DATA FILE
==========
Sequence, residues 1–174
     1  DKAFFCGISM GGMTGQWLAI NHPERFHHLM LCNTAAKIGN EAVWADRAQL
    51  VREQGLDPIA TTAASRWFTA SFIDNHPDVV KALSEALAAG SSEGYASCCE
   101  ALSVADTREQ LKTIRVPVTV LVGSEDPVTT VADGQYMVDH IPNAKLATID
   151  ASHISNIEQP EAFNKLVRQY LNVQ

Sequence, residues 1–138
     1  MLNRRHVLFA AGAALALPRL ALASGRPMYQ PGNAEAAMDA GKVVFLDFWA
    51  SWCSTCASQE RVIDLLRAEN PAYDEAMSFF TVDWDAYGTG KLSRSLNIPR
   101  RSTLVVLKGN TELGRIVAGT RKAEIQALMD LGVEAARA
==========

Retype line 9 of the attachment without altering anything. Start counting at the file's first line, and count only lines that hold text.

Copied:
   101  RSTLVVLKGN TELGRIVAGT RKAEIQALMD LGVEAARA